Most Dangerous Jobs in PA

August 12, 2019

Workers can become injured in almost any job. However, some jobs are more dangerous than others due to the physical demands or hazardous exposures. Each state varies as to which jobs make the “most dangerous” list; some dangerous jobs like law enforcement and fishing become even more risky depending on where they are located. In Pennsylvania, there were 172 fatal work injuries in 2017 according to the Bureau of Labor Statistics (BLS), many of which occurred in the state’s most dangerous industries.

What Makes a Job Dangerous?

Jobs can be dangerous for a number of reasons. According to the BLS, there are several ways to identify hazardous occupations. Depending on which factor is assigned the most weight, different occupations may rank as the most dangerous. Some factors to consider when assessing the danger of any given job include:

  • Fatality frequency – This is the number of workers who have died in a given occupation.
  • Fatality rate – This statistic divides the number of job-related fatalities in a given occupation during a certain period divided by the average number of workers for that period.
  • Job duties – Workers with physically demanding jobs are more likely to suffer from overexertion injuries that necessitate time off from work.
  • Job setting – The risk of homicide/workplace violence is higher for those who work at night, work alone, and handle money.

Causes of Work-Related Fatalities in Pennsylvania

In 2017, the most recent year for which BLS worker injury, illness, and fatality statistics are available, there were 172 work-related fatalities in Pennsylvania. This number increased slightly from the 163 worker deaths the previous year, which was the lowest ever recorded. Transportation incidents were the most common, resulting in 61 fatal work injuries, followed by contact with objects and equipment which accounted for 34 fatalities. There were also 27 and 26 deaths from violence/other injuries by persons or animals and exposure to harmful substances/environments, respectively.

Pennsylvania’s Most Dangerous Jobs

In the landlocked state of Pennsylvania, fishing does not top the list of the most dangerous jobs. Other jobs commonly cited as the most dangerous in other states such as loggers, pilots, and steel workers did not make the cut either. Rather, workers with the most dangerous jobs in Pennsylvania include:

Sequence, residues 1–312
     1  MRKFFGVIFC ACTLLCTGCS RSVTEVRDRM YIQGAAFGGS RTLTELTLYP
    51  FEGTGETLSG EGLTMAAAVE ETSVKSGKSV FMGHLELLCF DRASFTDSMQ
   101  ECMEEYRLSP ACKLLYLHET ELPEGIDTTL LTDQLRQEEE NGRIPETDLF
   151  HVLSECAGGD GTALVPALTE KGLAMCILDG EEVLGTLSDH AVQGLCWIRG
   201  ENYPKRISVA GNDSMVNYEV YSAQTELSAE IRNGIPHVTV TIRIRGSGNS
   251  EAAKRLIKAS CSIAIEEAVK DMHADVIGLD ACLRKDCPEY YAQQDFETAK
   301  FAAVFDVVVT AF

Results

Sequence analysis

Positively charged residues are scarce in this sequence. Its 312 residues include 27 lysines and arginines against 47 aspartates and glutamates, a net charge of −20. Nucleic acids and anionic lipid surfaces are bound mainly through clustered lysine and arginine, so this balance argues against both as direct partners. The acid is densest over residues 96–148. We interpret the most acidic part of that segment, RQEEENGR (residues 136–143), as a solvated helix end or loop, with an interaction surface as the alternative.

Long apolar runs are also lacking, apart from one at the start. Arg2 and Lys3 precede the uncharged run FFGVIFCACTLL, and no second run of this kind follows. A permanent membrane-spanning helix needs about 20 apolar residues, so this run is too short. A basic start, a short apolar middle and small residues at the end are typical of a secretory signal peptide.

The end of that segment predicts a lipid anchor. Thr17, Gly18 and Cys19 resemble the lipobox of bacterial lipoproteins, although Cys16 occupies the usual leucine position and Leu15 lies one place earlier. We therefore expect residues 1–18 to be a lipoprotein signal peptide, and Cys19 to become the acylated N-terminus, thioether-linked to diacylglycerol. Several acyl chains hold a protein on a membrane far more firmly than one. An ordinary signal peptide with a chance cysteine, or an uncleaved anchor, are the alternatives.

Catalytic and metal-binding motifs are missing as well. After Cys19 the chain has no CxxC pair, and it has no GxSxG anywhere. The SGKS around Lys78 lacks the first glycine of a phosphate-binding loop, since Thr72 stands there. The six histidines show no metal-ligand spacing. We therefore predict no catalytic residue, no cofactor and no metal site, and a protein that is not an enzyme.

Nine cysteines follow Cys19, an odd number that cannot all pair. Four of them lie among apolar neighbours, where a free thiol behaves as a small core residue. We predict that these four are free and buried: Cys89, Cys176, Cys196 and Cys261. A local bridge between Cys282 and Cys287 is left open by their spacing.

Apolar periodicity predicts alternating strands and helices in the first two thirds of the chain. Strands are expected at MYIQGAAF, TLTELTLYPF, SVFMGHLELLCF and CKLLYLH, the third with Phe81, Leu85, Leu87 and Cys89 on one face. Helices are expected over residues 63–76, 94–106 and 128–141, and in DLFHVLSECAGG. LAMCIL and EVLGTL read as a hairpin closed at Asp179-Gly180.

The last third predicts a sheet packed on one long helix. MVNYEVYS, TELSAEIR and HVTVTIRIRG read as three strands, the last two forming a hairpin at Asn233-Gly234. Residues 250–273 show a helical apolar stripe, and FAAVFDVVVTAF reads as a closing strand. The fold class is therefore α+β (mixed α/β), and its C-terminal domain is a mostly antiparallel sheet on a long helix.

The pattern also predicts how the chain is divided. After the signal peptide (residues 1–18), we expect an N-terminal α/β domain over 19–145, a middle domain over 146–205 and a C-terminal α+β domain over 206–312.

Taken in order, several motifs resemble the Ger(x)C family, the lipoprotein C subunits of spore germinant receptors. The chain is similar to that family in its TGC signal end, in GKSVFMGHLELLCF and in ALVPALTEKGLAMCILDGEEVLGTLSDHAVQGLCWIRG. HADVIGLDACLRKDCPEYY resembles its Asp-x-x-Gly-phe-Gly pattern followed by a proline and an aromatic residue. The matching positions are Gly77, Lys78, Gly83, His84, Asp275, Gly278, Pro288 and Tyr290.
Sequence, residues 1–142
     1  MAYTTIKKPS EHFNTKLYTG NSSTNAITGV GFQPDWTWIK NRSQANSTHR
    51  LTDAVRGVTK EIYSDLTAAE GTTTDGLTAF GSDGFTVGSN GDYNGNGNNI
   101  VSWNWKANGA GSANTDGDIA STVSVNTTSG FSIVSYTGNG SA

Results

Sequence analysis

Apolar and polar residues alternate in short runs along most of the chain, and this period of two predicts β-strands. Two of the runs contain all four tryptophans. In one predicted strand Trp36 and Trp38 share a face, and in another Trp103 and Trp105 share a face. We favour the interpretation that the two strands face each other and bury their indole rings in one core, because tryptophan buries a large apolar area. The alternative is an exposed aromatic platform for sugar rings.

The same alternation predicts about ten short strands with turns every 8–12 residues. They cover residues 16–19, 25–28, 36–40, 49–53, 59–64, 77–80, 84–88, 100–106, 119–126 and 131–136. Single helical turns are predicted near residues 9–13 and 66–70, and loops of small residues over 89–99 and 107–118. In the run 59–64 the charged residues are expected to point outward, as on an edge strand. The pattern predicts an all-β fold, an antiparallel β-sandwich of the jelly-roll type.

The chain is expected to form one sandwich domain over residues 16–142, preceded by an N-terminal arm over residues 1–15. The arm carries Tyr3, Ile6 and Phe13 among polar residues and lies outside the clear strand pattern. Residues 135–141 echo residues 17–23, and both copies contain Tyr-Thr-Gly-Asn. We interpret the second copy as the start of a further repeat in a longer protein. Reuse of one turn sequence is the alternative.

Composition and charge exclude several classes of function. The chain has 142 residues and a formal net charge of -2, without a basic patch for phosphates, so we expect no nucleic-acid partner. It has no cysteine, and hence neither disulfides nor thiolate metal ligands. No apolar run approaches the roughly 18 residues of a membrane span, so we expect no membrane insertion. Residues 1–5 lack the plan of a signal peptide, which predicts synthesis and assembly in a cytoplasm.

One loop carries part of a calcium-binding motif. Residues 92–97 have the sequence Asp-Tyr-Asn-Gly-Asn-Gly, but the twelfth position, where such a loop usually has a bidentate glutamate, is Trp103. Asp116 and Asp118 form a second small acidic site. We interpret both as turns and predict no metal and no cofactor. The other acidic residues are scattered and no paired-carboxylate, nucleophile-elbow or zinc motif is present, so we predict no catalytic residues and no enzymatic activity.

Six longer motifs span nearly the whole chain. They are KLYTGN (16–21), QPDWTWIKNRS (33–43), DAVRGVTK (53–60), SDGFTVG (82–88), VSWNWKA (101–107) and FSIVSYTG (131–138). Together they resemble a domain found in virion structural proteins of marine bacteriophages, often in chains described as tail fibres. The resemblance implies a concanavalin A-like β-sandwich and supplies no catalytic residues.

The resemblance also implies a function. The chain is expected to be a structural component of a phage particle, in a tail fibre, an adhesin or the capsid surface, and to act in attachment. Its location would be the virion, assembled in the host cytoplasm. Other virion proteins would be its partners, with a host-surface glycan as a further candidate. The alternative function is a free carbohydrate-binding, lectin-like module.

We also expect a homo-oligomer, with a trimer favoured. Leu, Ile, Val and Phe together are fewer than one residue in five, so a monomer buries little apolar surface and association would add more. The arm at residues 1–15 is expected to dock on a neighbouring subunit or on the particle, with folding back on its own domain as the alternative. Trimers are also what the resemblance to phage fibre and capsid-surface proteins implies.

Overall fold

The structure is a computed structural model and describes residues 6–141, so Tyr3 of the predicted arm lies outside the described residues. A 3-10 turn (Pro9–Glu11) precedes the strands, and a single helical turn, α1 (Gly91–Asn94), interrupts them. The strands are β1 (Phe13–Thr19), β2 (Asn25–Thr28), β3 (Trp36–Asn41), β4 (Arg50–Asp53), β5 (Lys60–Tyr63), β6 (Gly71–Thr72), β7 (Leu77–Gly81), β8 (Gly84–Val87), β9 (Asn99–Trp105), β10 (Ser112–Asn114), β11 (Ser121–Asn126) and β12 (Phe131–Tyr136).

• Agricultural workers – Farmers and others in the agriculture industry work outside during all types of weather, deal with heavy machinery, and handle toxic chemicals.
  • Construction laborers – Roofers, electricians, and other types of construction workers have jobs that require them to perform various dangerous activities.
  • Drivers – Workers in the transportation industry and those who drive as part of their jobs are at risk of getting in car accidents.
  • Miners – Explosions, collapses, floods, and toxic containment are all hazards of the mining industry.
  • Public Safety Officials – Police officers, firefighters and other first responders are included in this category.

Contact the Workplace Accident Lawyers in Philadelphia at Larry Pitt & Associates, P.C. for Help With Your Claim

If you were injured at work or you have a work-related illness, the workplace accident lawyers in Philadelphia at Larry Pitt & Associates, P.C. can help. For a free consultation, please complete our online contact form or call us at 888-PITT-LAW today.

From our offices in Philadelphia, LansdowneBensalem and Reading, we represent clients throughout the state of Pennsylvania, including those in Berks CountyBucks CountyChester CountyDelaware CountyMontgomery County, and Philadelphia County, as well as in the communities of AbingtonAmblerArdmoreBala CynwydBensalemClifton HeightsCrum Lynne, DarbyDowningtownDoylestownDrexel HillEssington, FolcroftGlenoldenHaverfordHavertownHolmesKutztown, Lansdowne, Media, Merion StationMorton, Narberth, Norristown, NorwoodPhiladelphiaProspect Park, QuakertownReadingRoxboroughSharon HillUpper Darby, West Chester and Wynnewood.